Danish artist and sculptor, Thomas Dambo just added a bit of art and fun to the forests of Copenhagen as a part of his mission to not limit art to just within the walls of a museum.
Have you ever gone exploring in the woods and come across giant wooden sculptures that appear out of nowhere really, but still manage to draw you in closer? Each of them perhaps has his own story to narrate, and while one tumbles into the world of stories and tales, one also walks back home with an important lesson – recycling is the only way to sustain and move forward!
Thirty seven year old, Copenhagen resident, Thomas Dambo is an artist and sculptor renowned for creating iconic art through the use of recycled materials. Talking to Home Review about his latest installation, “The Six Forgotten Giants” which is set in the woods of Copenhagen city, Dambo gives us a glimpse into his art, and thought process.
“I believe we need to take care of our planet. Recycling is a big part of this process. And now it is my life’s mission to involve others in this endeavour.” Dambo is of the opinion that discarding things without understanding their value is criminal. And we couldn’t agree more. “I make big, positive and interactive projects to show people that recycling can be much more than just trash.”
“I start with the location,” Dambo remarks when asked about his process of creation. “That and the materials inspire me. If I find a lot of dark brown wood, I make a sculpture with dark brown fur. A bunch of twigs is converted to hair.” Hidden in Rødovre, Hvidovre, Vallensbæk, Ishøj, Albertslund and Høje Taastrup, the giants, who are essentially siblings, are part of a treasure hunt to get people to become more involved with nature and take note of their surroundings.
Dambo spent days biking around the city scouting for places that would help bring his philosophy to life – places he believes people don’t visit very often as they are “off the beaten track”.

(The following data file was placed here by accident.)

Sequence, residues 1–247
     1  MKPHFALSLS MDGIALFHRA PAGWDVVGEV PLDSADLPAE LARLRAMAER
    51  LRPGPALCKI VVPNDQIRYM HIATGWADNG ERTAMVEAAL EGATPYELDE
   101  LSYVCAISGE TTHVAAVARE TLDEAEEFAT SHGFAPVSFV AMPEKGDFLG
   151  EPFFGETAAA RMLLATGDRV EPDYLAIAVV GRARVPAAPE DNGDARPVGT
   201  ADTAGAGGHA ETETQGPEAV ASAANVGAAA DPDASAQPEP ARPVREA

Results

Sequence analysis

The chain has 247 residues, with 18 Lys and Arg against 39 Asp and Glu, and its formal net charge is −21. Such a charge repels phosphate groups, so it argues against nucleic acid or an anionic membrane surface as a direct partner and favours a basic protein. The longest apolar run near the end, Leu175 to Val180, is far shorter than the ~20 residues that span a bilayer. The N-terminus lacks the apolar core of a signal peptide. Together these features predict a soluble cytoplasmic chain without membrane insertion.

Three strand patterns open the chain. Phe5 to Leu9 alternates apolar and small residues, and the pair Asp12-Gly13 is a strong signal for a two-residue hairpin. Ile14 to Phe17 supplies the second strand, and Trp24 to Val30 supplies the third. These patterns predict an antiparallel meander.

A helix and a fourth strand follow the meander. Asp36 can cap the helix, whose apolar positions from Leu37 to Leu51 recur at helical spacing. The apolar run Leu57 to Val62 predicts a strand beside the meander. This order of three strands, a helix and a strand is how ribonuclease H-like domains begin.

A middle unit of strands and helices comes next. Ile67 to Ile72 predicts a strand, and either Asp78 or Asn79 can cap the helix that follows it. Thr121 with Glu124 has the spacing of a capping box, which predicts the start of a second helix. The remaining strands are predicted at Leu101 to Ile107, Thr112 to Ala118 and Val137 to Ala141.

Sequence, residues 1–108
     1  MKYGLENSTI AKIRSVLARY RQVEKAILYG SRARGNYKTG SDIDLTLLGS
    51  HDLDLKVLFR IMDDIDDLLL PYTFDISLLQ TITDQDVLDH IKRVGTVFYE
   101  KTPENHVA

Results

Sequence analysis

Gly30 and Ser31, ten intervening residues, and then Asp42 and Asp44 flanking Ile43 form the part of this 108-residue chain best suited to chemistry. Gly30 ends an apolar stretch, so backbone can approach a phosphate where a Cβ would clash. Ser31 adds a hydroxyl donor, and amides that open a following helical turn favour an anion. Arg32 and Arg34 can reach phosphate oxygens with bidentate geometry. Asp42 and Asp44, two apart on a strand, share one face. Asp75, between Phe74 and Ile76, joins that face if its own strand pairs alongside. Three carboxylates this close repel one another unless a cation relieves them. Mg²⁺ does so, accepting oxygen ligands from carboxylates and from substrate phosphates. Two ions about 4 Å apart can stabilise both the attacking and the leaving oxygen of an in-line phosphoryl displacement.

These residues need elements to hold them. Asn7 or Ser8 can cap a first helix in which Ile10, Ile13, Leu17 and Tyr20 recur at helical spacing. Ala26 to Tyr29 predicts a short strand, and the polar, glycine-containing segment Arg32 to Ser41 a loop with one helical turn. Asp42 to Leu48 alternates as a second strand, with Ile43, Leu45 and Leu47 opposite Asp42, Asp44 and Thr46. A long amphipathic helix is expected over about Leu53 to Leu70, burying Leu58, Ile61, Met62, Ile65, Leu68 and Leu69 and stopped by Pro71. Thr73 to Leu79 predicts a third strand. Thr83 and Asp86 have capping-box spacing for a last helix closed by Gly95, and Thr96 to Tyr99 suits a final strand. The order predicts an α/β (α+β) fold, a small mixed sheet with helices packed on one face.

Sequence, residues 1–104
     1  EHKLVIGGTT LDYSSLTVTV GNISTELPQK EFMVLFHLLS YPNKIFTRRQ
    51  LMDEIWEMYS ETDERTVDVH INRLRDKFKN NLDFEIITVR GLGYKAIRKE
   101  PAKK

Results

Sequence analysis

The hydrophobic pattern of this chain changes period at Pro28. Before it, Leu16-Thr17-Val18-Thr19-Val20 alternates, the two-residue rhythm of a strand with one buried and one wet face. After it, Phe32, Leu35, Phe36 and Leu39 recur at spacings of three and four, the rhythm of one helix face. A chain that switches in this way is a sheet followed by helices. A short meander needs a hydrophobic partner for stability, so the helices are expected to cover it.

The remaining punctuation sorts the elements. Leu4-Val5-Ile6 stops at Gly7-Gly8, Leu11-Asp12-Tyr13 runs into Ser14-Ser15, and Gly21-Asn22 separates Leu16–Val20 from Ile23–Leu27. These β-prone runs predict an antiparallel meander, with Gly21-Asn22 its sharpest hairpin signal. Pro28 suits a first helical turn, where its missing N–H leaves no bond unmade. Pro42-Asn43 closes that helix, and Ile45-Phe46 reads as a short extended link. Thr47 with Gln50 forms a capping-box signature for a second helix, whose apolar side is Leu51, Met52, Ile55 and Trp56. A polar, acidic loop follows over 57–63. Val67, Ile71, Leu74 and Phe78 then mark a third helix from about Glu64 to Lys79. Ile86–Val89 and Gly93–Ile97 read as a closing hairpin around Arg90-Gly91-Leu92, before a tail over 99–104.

One of the first things you will notice about Dambo’s sculptures is how easily they mix with their environment, almost as if they are in their natural habitat. “Some of them grab trees, some lean back against the hill, or even sit on the ground.”
“I believe people are no longer curious and don’t explore their surroundings as much. As we grow older we start living in a triangle of sorts – between home, the workplace and the supermarket,” Dambo laments. He goes on to say that you don’t need to travel long hours to different places to experience life.
According to Dambo, life resides in your own city, sometimes even in your own backyard. By placing the giants in the woods, he wants the residents of Copenhagen to revisit their city and take in a new experience.
“I believe placing the sculptures in the woods would give people a much bigger experience than if they were installed in the city square where people would barely give it more than a passing glance.”
All of Dambo’s sculptures are made entirely from recycled wood. “The giants are made from six hundred pallets, an old wooden shed, a fence and whatever else I managed to scavenge,” he says. Dambo works with his two assistants and three interns on projects that have been installed across the world. “The sculptures can only be found by using a treasure map, or by following the instructions set in a poem engraved into a stone near each sculpture,” he adds.
“I have been sleeping for a year; I wake up when I feel like it. Crawl in to my belly, and join me – but not if you snore. I’m from a big group of siblings, and we are hidden to humans. They call us the forgotten giants – You can find my sister ‘Little Tilde’ in Advedøre At the grassland, behind the hill filled with cows and sheep.”
But why is it a treasure hunt? Dambo wanted it to be a family experience, one that both parents and kids would be able to partake in. “The treasure hunt adds a bit of mystique and adventure to the project,” he says. ‘Teddy Friendly’, Dambo’s favourite giant, is an illustration of Dambo’s thought.
Located in Hakkemosen, the place is home to beautiful lakes and a little forest. Dambo placed the sculpture on the banks of a stream. “Its arm extends to the opposite bank, thus creating a bridge for children to cross.”
Placed near and far (you have to follow the map to find your way), the giants are Dambo’s way of bringing a community of people closer. His aim, of course, is to spread awareness about the importance of recycling. However, he chooses to do so in a manner that is not just unique, but also augments and blends in with nature. ‘The Six Forgotten Giants’ have their own voice. And they speak a common tongue – reduce, reuse, recycle!
Text By Priyanka Menon
Photographs Courtesy Thomas Dambo